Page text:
> I am here to build a bridge to existing communities, I don't want to start by insulting folks grounded in current enterprise api security reality (OAuth2.0), and then spend my time building a bridge to an island with a few startups and some UK banks, even if that really is the future of enterprise api security... give it time to be visibly the biggest pond, don't ask us to believe it will grow to be the biggest pond.
>
> - https://github.com/oauthstuff/draft-oauth-rar
> - https://es.slideshare.net/TorstenLodderstedt/rich-authorization-requests
> - https://medium.com/oauth-2/transaction-authorization-or-why-we-need-to-re-think-oauth-scopes-2326e2038948
> - https://openid.net/2021/04/14/guest-blog-financial-grade-api-fapi-explained-by-an-implementer-updated/
> - https://www.forgerock.com/industries/financial-services/open-banking/UK-Spec
>
> There is nothing wrong with RAR or GNAP... There is a lot wrong with making them a dependency, and telling folks the VC-HTTP-API is built on widely adopted and mature internet standards.... The VC Data Model is already a stretch in this regard.
>
> "Where are RAR, PAR, and JAR in the standardization process?"
>
> https://identityunlocked.auth0.com/public/49/Identity%2C-Unlocked.--bed7fada/c2c23243
>
> PROPOSAL 1: The VC HTTP API will describe OAuth2.0 client credentials grant authentication for applications as described here https://datatracker.ietf.org/doc/html/rfc6749#section-4.4, https://developer.okta.com/docs/guides/implement-client-creds/overview/, https://auth0.com/machine-to-machine. ...This is the same as:
>
> PROPOSAL: One of the authorization protocols for the VC-HTTP-API MUST be OAuth
> 2 Client Credentials. NOTE: This one conflicts with the first proposal (on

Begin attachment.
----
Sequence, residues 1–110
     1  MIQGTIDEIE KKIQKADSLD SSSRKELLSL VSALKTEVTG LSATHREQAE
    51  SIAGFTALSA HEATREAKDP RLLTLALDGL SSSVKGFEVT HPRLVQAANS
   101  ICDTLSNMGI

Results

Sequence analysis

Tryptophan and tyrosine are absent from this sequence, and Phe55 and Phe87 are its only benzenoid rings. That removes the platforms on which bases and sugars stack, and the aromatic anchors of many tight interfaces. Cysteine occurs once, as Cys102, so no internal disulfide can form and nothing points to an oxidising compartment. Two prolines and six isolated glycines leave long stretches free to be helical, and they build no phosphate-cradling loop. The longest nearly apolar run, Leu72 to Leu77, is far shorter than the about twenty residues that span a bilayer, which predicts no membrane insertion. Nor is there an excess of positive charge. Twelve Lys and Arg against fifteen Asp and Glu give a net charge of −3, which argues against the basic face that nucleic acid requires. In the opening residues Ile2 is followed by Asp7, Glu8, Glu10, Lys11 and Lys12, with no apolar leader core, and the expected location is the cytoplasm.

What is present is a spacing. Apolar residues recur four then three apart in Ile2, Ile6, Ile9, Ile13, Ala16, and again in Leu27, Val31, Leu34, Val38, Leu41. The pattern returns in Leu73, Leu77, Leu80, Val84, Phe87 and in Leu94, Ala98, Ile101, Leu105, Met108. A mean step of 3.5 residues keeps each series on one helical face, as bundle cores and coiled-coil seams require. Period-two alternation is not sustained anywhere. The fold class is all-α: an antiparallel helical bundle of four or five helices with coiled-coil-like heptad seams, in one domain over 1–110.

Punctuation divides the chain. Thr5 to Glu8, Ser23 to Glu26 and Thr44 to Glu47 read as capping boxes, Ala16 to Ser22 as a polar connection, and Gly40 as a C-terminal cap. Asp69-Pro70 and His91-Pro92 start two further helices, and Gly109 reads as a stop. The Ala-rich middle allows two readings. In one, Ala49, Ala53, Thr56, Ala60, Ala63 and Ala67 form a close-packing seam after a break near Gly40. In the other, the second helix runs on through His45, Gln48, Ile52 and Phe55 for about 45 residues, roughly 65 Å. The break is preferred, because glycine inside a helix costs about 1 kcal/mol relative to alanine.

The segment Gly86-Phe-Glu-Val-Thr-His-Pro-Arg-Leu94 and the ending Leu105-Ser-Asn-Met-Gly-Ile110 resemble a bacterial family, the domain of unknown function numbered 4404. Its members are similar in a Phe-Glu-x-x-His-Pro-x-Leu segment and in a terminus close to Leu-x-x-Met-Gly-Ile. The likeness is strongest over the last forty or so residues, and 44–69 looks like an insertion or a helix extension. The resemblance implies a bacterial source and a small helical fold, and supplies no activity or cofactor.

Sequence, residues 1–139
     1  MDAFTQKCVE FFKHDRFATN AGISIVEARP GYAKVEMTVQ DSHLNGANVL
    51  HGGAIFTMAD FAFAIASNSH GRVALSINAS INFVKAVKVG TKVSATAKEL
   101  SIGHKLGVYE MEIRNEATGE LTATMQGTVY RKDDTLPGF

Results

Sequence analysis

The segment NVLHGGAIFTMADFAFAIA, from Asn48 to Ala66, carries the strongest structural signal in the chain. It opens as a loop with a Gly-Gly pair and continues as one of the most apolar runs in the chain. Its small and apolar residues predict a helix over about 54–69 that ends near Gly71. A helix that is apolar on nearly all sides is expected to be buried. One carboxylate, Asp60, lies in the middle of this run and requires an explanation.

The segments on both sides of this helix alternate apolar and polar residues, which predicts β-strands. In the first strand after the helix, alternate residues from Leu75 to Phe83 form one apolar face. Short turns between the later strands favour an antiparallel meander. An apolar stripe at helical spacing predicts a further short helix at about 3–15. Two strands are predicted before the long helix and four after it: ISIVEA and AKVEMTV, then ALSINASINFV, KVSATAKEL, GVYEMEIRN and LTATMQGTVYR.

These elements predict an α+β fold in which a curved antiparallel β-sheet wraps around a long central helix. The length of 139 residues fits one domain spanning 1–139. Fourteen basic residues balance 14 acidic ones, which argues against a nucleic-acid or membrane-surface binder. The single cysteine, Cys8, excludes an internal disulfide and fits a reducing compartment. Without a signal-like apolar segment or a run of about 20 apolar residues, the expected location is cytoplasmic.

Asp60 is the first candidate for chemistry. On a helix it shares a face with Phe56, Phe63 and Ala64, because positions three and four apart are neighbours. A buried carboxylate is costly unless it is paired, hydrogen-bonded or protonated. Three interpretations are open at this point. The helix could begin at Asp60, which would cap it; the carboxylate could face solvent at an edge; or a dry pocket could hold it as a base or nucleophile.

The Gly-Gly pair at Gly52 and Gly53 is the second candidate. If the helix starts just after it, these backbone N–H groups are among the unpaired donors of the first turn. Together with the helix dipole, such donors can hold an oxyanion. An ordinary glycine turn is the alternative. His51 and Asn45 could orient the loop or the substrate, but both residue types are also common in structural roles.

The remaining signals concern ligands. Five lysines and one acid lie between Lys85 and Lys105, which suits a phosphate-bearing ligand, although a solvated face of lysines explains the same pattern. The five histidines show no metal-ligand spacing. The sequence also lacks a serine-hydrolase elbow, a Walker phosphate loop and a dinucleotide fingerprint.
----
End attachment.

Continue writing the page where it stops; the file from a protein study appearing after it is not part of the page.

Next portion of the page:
> purpose).
>
>
> OS
>
>
> On Sat, Jul 10, 2021 at 10:13 AM Manu Sporny <msporny@digitalbazaar.com>
> wrote:
>
>> VC HTTP API Work Item - July 13th 2021
>> Time: Tue 4pm ET, 1pm PT, 10pm CET, 8am NZDT (Wed)
>>
>> Text Chat:
>>       http://irc.w3.org/?channels=ccg
>>       irc://irc.w3.org:6665/#ccg
>>
>> Jitsi Teleconf:
>>       https://meet.w3c-ccg.org/vchttpapi
>>
>> Duration: 60 minutes
>>
>> MEETING MODERATOR: Manu Sporny
>>
>> AGENDA:
>>
>> 1. Agenda Review, Introductions, Use Cases Update (10 min)
>>
>> 2. Pull Requests (5 minutes)
>>    https://github.com/w3c-ccg/vc-http-api/pull/211
>>
>> 3. Issue Processing (5 minutes)
>>    https://github.com/w3c-ccg/vc-http-api/issues/204
>>
>> 4. Authorization Proposals (40 minutes)
>>
>> These are synthesized proposals based on Justin's reformulation of MikeV's
>> proposals, the +1s on the mailing list, work that has volunteers, and
>> ideas
>> that seem like they might at least get majority support given input from
>> the
>> mailing list.
>>
>> PROPOSAL: How a VC HTTP API client gets an authorization token is out of
>> scope.
>>
>> PROPOSAL: How a VC HTTP API server validates an authorization token is
>> out of
>> scope.
>>
>> PROPOSAL: One of the authorization mechanisms for the VC-HTTP-API MUST be
>> OAuth 2 Bearer tokens.
>>
>> PROPOSAL: One of the authorization mechanisms for the VC-HTTP-API SHOULD
>> be
>> GNAP key-bound access tokens.
>>
>> PROPOSAL: One of the authorization protocols for the VC-HTTP-API MUST be
>> OAuth
>> 2 Client Credentials. NOTE: This one conflicts with the first proposal (on
>> purpose).
>>
>> PROPOSAL: The VC HTTP API MUST define access actions in terms of OAuth 2
>> RAR
>> structures.
>>
>> In the interest of making some preliminary decisions and moving on, we
>> will be
>> doing majority voting for all proposals that fail to achieve consensus.
>> Remember that all of this is at risk to being re-litigated when the work
>> flows
>> into an official working group, so decisions are to be viewed as
>> preliminary
>> (and not final).
>>
>> -- manu
>>
>> --
>> Manu Sporny - https://www.linkedin.com/in/manusporny/
>> Founder/CEO - Digital Bazaar, Inc.
>> News: Digital Bazaar Announces New Case Studies (2021)
>> https://www.digitalbazaar.com/
>>
>>
>
> --
> *ORIE STEELE*
> Chief Technical Officer
> www.transmute.industries
>
> <https://www.transmute.industries>
>
Received on Monday, 12 July 2021 17:29:15 UTC